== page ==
It’s still a bit chilly out there! If you’re waiting for the weather to pick up before heading out to the garden or allotment, it could be too late for some seeds. So, here’s ShefFood’s reminder to get your wellies on to brave the cold for a healthy crop in Spring and Summer. The daylight hours are finally getting longer, so mid-March is the moment to start sowing outdoors. But, if you’re not confident, you can also start many seeds indoors on a windowsill or in a greenhouse.

Last Chance for Sweet Peppers

March is your last chance to sow sweet peppers in a greenhouse or a windowsill in Sheffield. Peppers are native to Mexico, Central, and northern South America. However, a lot are now grown throughout the Mediterranean, including Spain, Greece, and North Africa. So, they are definitely warm-loving crops. But that doesn’t mean they can’t grow in the UK climate. However, it does mean that these tender plants are best grown in a greenhouse or a sheltered, sunny spot. Sow them now, any later and they won’t ripen before the cold returns.  

Early Peas for a delicious start to Spring

Early pea varieties such as ‘Meteor’ can be sown in a greenhouse or on a windowsill to be planted out when ready. However, plants raised indoors need to be acclimated to cooler temperatures, lower humidity and increased air movement before they are planted outdoors. This includes peas. This ‘toughening up’ process is called hardening off. There are different ways to do this depending on the plant, but it generally involves moving your plants to a cooler place in the day and bringing them inside during the evening until the nights get warmer. Check online to find out best practices for your plants.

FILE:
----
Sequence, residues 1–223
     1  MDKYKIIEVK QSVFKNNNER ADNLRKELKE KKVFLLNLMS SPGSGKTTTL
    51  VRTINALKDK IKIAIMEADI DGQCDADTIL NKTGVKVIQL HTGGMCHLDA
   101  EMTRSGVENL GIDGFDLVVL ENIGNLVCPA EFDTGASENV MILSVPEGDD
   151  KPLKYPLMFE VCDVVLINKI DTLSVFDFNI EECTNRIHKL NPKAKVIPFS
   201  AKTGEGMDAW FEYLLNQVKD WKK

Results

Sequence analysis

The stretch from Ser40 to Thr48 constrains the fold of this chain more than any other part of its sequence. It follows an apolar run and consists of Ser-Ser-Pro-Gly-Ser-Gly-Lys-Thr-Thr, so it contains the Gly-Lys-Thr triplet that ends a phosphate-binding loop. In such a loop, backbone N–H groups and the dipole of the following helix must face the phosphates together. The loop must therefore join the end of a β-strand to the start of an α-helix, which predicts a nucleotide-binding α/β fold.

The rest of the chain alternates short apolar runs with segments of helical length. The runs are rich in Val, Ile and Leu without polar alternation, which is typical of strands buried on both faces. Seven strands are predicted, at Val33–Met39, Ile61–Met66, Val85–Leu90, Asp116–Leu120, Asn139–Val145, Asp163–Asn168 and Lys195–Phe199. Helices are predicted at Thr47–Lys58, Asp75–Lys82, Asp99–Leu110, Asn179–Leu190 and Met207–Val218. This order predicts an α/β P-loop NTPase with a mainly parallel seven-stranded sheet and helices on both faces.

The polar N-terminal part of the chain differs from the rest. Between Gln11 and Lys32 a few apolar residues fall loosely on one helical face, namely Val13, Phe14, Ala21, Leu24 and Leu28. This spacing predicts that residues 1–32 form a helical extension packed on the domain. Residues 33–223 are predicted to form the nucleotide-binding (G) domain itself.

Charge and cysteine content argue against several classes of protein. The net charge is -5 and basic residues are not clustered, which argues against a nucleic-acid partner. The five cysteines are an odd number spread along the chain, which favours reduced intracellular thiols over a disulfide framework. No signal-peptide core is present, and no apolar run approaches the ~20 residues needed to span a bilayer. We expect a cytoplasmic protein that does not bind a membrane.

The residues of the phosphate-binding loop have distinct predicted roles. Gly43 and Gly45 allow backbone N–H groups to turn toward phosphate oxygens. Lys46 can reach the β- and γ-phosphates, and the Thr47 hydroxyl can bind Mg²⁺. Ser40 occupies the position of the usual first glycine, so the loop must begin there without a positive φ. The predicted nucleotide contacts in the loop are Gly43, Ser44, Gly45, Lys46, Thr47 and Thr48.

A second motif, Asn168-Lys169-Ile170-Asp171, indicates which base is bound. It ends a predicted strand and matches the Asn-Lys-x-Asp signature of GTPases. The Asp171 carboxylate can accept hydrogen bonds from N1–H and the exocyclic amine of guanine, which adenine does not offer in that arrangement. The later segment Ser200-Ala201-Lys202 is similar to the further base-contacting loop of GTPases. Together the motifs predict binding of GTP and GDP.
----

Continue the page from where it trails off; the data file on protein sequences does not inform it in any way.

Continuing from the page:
Leafy Greens and Herbs Galore

From mid-March, you can sow kale, spinach, chard, lettuce, coriander and parsley directly outside.  You can also start them in a greenhouse or on a windowsill, but don’t forget to harden them off.  While we fully expect to have the inevitable April showers, make sure that your precious seeds don’t dry out. We’ve had some very dry springs in recent years, so remember to check your soil frequently, especially if it’s not rained in a few days. 

Beat the Beets

Beetroots are easy to grow, take up little space, and are ideal for beginner gardeners. They’re also nutritious, delicious and versatile. Beetroot can be harvested for both leaves and roots. Sow seeds little and often for continuous cropping. Sow three or more seeds together for bunches of smaller beetroots. Or you can just harvest the bigger ones, leaving more room for other beets to grow a little more. They are best picked when they are the size of a golf ball and still tender.   They make a delicious addition to roasts and stews as well as in salads raw. If you grow varieties for winter storage, it’s possible to have beetroot almost all year round.  You can also harvest the leaves by cutting a few off at a time; they make a great addition to salads and sandwiches. 

Growing food is an excellent way to stay in shape, get out in nature and support your mental health. Plus, you’ll get some delicious food at the end of it to share with family and friends. 

ShefFood is the food partnership for Sheffield. They are a cross-sector partnership of public agencies, businesses, academic and community organisations committed to working together to create a more sustainable food system for Sheffield. For more information or to get involved, please get in touch with ShefFood’s Partnership Coordination Team at info@sheffood.org.uk